July 2, 1999
By Scott Lindlaw
Associated Press Writer
SACRAMENTO - A national conservative group is attempting to recapture Hispanic voters, a growing bloc that increasingly is drifting away from the Republican Party.
The Traditional Values Coalition, which represents 43,000 churches, is building a conservative political network among Hispanics, who constitute 5 percent of the U.S. electorate.
In California, they make up 15 percent of the voting public. But fewer than one in 10 new Hispanic voters has registered Republican in recent years.
That helped set up the GOP for crushing defeats in California last November, when the party lost all statewide races but two. Without a plan of action, conservatives' prospects will dim in other states, too, said Mike Madrid, who was political director for the state Republican Party until last year.
The report comes at a time when nearly a dozen Republican presidential candidates are angling for support in California and other states with heavy Hispanic populations. One of them, Texas Gov. George W. Bush, visits the state this week and plans several appearances targeting Hispanic audiences.
The coalition's chairman, Rev. Lou Sheldon, sees Hispanics as crucial to advancing the group's conservative agenda in statehouses and Washington, D.C. Many Hispanics are conservatives, he said in an interview Monday from New York, where he was meeting with Hispanic Christian leaders.
Some 200 Hispanic church and business leaders will meet Thursday in the Los Angeles suburb of Norwalk to develop a plan of action.
``For us to walk away from these people is sort of saying that the Traditional Values Coalition is going to institutionalize and become sterile,'' Sheldon said.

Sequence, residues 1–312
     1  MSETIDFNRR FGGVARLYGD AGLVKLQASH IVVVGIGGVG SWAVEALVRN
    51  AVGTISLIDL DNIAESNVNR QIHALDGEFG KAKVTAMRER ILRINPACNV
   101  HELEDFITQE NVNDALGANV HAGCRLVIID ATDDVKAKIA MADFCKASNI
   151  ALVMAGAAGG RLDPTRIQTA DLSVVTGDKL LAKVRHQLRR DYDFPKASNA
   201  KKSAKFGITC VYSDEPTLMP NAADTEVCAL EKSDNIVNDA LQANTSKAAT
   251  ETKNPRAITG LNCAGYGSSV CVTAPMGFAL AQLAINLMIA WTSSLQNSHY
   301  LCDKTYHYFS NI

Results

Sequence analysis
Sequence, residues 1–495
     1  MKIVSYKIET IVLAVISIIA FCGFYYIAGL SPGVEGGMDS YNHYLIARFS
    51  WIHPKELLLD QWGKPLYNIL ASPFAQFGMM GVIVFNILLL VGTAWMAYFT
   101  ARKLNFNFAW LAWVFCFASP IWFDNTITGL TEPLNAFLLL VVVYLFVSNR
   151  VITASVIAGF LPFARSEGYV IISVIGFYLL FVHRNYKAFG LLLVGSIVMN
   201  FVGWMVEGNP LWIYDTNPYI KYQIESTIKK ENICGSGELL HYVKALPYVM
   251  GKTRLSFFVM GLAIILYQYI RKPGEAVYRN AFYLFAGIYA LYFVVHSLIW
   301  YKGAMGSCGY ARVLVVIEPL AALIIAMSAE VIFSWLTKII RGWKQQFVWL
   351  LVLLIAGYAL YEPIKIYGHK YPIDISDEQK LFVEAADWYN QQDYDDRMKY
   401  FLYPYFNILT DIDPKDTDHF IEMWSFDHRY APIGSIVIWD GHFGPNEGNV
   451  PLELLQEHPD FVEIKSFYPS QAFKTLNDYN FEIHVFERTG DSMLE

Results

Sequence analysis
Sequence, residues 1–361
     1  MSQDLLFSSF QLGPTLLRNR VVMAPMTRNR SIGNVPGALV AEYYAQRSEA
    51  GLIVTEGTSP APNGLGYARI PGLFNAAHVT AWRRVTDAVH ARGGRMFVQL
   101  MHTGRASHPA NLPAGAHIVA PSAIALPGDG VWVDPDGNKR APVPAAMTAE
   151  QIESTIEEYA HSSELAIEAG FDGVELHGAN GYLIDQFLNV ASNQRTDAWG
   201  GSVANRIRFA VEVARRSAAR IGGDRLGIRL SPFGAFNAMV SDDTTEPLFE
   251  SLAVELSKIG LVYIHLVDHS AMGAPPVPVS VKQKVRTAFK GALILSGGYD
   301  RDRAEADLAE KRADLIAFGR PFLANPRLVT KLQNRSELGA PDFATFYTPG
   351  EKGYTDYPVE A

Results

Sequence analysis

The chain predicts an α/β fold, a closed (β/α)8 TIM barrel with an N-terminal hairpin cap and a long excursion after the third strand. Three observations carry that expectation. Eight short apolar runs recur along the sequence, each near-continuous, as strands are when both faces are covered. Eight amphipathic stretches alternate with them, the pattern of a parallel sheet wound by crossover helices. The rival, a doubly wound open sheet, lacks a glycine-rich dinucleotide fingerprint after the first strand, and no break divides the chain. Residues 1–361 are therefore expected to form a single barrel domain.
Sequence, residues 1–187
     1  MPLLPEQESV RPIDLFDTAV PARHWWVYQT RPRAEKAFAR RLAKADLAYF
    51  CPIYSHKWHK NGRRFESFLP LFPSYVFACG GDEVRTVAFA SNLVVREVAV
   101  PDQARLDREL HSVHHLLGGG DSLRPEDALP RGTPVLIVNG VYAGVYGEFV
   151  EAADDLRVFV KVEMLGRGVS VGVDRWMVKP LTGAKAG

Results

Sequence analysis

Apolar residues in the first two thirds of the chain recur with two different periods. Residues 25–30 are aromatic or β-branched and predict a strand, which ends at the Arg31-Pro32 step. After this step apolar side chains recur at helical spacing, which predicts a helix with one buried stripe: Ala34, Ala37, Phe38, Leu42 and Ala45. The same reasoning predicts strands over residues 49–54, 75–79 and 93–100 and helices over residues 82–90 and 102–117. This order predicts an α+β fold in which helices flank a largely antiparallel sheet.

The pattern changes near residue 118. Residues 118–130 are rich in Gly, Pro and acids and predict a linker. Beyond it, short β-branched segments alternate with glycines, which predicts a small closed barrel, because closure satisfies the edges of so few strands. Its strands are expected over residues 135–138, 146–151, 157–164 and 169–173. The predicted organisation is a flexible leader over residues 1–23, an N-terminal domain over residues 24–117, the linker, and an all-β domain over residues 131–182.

Madrid co-authored a report that the Anaheim, Calif.-based Traditional Values Coalition is relying on as its blueprint for recovering Hispanic voters. The coalition dubbed the effort ``La Amistad,'' which means ``the friendship'' in Spanish.
The report focuses on California, a state with a large Hispanic population that will be critical in next year's presidential and congressional races.
But the coalition is studying it with an eye to courting Hispanic voters nationwide, Sheldon said.
The report recommends that conservatives work to attract Hispanics through issues, ``separating themselves from elected officials who have been successfully demonized by Democrats.''
It also suggests that La Amistad:
- Conduct news media and advertising campaigns in Spanish and English.
- Undertake a registration program targeting Hispanic conservatives.
- Make special efforts to get conservative Hispanics to the polls on Election Day.
- Mobilize conservative Hispanics to lobby local, state and federal elected officials.